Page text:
Sara Hurwitz

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Rabba Sara Hurwitz
Position Rabba
Synagogue Hebrew Institute of Riverdale
Position Dean
Yeshiva Yeshivat Maharat
Personal details
Born Johannesburg, South Africa[1]
Denomination Open Orthodox
Spouse Josh Abraham[1]
Children Yonah, Zacharya and David[1]
Semicha Rabbi Avi Weiss

Sara Hurwitz is an Open Orthodox Jewish spiritual leader who received ordination from Rabbi Avi Weiss. She is the "Rabba" at the Hebrew Institute of Riverdale in Riverdale, Bronx, New York,[2] and the dean of Yeshivat Maharat[3] in Riverdale, Bronx, New York.[4]

She is the curricular researcher and writer for JOFA's Gender and Orthodoxy Curriculum Project.[5]

Early life and education[edit]

Hurwitz was born in South Africa.[6] In 1989, Hurwitz moved with her family to Boca Raton, Florida. That year, she was in the eighth grade.[7]

Hurwitz graduated from Barnard College in New York City with a Bachelor of Arts.[1][8]

She was a student at Midreshet Lindenbaum in Talpiot, Israel, a post-high school religious seminary, not degree-granting.[1]

Sara is married to Joshua Abraham and lives in Riverdale, NY with their three sons.

She went to the Drisha Institute in New York City as part of Drisha's three-year[9] Scholar Circle Program. Drisha is a women's religious studies institution. She has a certificate from Drisha.[1][8][10]

Hurwitz has a rabbinic degree issued by Rabbi Avi Weiss in a private 5-year study program.[8][10]

Controversy regarding honorific Rabba[edit]

In June 2009, Weiss ordained Sara Hurwitz with the title "maharat" (an acronym of manhiga hilkhatit rukhanit Toranit[11]) rather than "Rabbi".[6][12] In February 2010, Weiss announced that he was changing Maharat to a more familiar-sounding title "Rabba".[13] The goal of this shift was to clarify Hurwitz's position as a full member of the Hebrew Institute of Riverdale rabbinic staff. The change was criticised by both Agudath Yisrael and the Rabbinical Council of America, who called the move "beyond the pale of Orthodox Judaism".[14] Weiss announced amidst criticism that the term "Rabba" would not be used anymore for his future students. However, in 2015 Yaffa Epstein was ordained as Rabba by the Yeshivat Maharat, which Weiss founded.[15] Also in 2015, Lila Kagedan was ordained as Rabbi by that same organization, making her their first graduate to take the title Rabbi.[16] Hurwitz continues to use the title Rabba and is considered by some to be the first female Orthodox rabbi.[17][18][19][20]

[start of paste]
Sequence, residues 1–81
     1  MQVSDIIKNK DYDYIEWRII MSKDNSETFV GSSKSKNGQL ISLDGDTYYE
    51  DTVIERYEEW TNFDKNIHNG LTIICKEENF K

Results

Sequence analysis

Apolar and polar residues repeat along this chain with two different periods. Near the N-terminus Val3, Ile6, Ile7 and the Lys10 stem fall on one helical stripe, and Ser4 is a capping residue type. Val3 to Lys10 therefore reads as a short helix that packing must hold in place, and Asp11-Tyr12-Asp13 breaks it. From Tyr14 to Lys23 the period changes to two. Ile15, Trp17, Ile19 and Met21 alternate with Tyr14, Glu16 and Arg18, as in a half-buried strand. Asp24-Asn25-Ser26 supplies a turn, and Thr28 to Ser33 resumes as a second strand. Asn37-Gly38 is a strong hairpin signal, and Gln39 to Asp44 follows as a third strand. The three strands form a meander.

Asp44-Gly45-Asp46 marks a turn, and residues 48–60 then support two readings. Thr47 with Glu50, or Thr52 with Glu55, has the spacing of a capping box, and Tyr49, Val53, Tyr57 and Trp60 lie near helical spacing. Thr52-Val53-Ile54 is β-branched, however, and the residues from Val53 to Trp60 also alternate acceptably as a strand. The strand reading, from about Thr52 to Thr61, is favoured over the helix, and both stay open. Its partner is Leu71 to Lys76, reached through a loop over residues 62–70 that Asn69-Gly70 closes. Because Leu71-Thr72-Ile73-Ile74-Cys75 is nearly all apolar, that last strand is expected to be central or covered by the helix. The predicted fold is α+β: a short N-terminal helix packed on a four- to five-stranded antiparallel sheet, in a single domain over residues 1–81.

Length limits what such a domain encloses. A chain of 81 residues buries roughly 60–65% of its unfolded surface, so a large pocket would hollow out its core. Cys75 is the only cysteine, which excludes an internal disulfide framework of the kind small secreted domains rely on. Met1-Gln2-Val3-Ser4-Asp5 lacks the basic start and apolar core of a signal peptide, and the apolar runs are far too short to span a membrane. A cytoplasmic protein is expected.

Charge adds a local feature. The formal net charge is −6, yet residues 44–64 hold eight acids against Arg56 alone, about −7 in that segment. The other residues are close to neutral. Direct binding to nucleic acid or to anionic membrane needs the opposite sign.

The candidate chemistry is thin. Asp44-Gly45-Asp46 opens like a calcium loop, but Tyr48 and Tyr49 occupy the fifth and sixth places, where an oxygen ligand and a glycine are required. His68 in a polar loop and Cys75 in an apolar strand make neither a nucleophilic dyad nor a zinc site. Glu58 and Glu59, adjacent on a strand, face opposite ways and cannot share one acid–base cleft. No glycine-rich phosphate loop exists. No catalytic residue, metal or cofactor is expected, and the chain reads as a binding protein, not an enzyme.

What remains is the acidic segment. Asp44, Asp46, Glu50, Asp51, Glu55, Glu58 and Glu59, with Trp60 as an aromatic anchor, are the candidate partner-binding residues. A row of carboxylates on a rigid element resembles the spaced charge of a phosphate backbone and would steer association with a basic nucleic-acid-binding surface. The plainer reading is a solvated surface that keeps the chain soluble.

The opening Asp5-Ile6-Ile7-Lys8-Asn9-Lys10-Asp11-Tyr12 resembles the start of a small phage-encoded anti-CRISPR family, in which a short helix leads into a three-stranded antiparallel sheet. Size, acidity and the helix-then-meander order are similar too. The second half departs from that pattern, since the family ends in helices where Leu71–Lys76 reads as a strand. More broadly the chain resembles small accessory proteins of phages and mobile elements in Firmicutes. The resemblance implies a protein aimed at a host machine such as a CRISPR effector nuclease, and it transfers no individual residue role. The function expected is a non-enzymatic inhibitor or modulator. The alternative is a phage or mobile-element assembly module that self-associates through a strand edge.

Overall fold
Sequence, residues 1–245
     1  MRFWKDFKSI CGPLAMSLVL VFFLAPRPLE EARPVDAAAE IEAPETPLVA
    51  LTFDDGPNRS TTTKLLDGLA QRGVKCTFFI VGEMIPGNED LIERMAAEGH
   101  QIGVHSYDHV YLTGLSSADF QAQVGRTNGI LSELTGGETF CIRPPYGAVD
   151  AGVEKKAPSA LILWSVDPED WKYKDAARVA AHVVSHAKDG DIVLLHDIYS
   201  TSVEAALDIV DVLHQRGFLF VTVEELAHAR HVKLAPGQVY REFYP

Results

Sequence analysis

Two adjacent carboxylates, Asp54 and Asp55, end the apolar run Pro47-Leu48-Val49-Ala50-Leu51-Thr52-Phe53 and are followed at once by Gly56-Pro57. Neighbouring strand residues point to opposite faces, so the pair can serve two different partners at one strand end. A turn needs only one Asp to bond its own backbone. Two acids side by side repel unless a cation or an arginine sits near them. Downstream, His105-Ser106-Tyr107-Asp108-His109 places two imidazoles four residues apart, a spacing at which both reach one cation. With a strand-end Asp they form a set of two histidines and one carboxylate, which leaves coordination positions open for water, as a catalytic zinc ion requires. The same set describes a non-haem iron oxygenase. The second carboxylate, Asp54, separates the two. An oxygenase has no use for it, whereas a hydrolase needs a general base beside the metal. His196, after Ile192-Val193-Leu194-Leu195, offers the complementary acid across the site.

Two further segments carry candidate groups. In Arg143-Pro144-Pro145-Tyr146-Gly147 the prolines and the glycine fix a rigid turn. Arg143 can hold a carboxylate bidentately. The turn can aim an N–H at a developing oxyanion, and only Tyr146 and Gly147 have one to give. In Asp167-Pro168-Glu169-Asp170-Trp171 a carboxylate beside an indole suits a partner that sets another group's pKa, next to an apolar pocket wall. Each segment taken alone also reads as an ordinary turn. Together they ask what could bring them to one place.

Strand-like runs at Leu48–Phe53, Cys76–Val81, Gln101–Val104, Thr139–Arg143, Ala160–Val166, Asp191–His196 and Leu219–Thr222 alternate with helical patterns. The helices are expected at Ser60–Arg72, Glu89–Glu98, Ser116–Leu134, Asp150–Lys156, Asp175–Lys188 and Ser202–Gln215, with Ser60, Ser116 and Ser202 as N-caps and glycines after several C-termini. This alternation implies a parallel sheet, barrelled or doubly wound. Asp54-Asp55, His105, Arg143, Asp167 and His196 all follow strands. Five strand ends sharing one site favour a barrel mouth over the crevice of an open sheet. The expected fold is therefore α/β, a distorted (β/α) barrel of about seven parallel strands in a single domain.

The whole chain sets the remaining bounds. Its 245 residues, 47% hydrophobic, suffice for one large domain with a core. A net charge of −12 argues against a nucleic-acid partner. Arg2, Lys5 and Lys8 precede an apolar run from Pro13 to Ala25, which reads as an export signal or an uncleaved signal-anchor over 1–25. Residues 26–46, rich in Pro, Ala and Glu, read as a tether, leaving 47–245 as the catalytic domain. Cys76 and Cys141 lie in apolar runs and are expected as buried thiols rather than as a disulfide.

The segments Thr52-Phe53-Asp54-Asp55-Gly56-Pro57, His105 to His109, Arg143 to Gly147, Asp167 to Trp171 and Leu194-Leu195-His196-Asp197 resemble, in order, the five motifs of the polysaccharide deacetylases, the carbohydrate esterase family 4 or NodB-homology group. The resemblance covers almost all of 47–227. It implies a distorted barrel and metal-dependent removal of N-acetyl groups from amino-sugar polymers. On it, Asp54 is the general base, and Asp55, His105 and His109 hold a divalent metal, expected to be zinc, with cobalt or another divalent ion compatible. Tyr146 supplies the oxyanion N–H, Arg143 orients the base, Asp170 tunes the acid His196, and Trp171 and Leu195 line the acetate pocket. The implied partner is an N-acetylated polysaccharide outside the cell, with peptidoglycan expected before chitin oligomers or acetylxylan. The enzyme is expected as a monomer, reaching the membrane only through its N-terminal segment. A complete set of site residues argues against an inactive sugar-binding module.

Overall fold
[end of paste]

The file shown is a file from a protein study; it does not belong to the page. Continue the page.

Interdenominational meetings[edit]

On December 6, 2010, Hurwitz met for the first time with Sally Priesand, the first Reform female rabbi, Sandy Eisenberg Sasso, the first Reconstructionist female rabbi, and Amy Eilberg, the first Conservative female rabbi, at Temple Reyim in Newton, Massachusetts. With a group of about 30 other women rabbis, they lit Hanukkah candles and spoke about their experiences in an open forum.[21]

Priesand, Sasso, Eilberg, and Hurwitz met again on June 3, 2012 at Monmouth Reform Temple in Tinton Falls, New Jersey for a celebration honoring the four first women Jewish spiritual leaders to be ordained in their respective denominations, and the 40th anniversary of Priesand's ordination.[22]

JOFA[edit]

Hurwitz is featured in Jewish Orthodox Feminist Alliance's (JOFA) Mission Statement YouTube video uploaded on November 29 of 2011. She is featured saying, "I fell in love. I felt like I was at home (at the first JOFA Conference in 1997[23]). I felt like I was in a community surrounded by like minded people who were passionate about Judaism, passionate about being religious and Orthodox and halacha—but were interested in creating ways for women to have a voice… JOFA is trying to shape the young minds of children, to a gender sensitive curriculum that I worked on many years ago… People in my age range and younger than me are afraid of the word feminism and I get that question all the time, ‘Are you a feminist?’ and my response is, if feminism means creating a more cohesive and inclusive community, then absolutely, I’m a feminist." [24]